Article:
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          Tiotropium versus salmeterol for the prevention of exacerbations of COPD.

          Treatment guidelines recommend the use of inhaled long-acting bronchodilators to alleviate symptoms and reduce the risk of exacerbations in patients with moderate-to-very-severe chronic obstructive pulmonary disease (COPD) but do not specify whether a long-acting anticholinergic drug or a β(2)-agonist is the preferred agent. We investigated whether the anticholinergic drug tiotropium is superior to the β(2)-agonist salmeterol in preventing exacerbations of COPD. In a 1-year, randomized, double-blind, double-dummy, parallel-group trial, we compared the effect of treatment with 18 μg of tiotropium once daily with that of 50 μg of salmeterol twice daily on the incidence of moderate or severe exacerbations in patients with moderate-to-very-severe COPD and a history of exacerbations in the preceding year. A total of 7376 patients were randomly assigned to and treated with tiotropium (3707 patients) or salmeterol (3669 patients). Tiotropium, as compared with salmeterol, increased the time to the first exacerbation (187 days vs. 145 days), with a 17% reduction in risk (hazard ratio, 0.83; 95% confidence interval [CI], 0.77 to 0.90; P<0.001). Tiotropium also increased the time to the first severe exacerbation (hazard ratio, 0.72; 95% CI, 0.61 to 0.85; P<0.001), reduced the annual number of moderate or severe exacerbations (0.64 vs. 0.72; rate ratio, 0.89; 95% CI, 0.83 to 0.96; P=0.002), and reduced the annual number of severe exacerbations (0.09 vs. 0.13; rate ratio, 0.73; 95% CI, 0.66 to 0.82; P<0.001). Overall, the incidence of serious adverse events and of adverse events leading to the discontinuation of treatment was similar in the two study groups. There were 64 deaths (1.7%) in the tiotropium group and 78 (2.1%) in the salmeterol group. These results show that, in patients with moderate-to-very-severe COPD, tiotropium is more effective than salmeterol in preventing exacerbations. (Funded by Boehringer Ingelheim and Pfizer; ClinicalTrials.gov number, NCT00563381.).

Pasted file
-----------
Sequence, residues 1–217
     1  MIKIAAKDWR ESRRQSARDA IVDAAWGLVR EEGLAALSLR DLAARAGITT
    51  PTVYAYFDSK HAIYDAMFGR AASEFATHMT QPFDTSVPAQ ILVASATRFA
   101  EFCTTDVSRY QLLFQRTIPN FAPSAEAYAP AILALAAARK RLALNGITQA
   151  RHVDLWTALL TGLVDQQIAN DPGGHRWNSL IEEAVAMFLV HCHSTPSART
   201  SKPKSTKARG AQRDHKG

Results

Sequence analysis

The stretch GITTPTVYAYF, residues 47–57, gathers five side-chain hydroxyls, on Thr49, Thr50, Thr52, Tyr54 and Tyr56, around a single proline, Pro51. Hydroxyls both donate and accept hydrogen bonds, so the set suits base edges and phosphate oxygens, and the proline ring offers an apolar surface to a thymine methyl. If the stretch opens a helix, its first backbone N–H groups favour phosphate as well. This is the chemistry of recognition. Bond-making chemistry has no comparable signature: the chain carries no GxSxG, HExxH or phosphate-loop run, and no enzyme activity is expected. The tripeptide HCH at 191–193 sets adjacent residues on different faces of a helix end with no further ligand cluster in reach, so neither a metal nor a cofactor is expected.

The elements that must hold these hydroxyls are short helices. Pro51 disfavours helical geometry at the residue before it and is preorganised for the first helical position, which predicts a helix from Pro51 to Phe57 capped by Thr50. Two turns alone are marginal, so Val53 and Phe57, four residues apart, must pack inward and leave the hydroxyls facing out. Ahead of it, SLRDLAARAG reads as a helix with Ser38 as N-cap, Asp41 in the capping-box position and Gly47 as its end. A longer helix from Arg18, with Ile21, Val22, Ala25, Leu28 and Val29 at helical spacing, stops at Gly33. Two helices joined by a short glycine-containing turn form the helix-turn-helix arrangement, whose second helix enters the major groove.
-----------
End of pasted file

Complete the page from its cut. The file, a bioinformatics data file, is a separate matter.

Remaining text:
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            Clinical Significance of Symptoms in Smokers with Preserved Pulmonary Function.

            Currently, the diagnosis of chronic obstructive pulmonary disease (COPD) requires a ratio of forced expiratory volume in 1 second (FEV1) to forced vital capacity (FVC) of less than 0.70 as assessed by spirometry after bronchodilator use. However, many smokers who do not meet this definition have respiratory symptoms.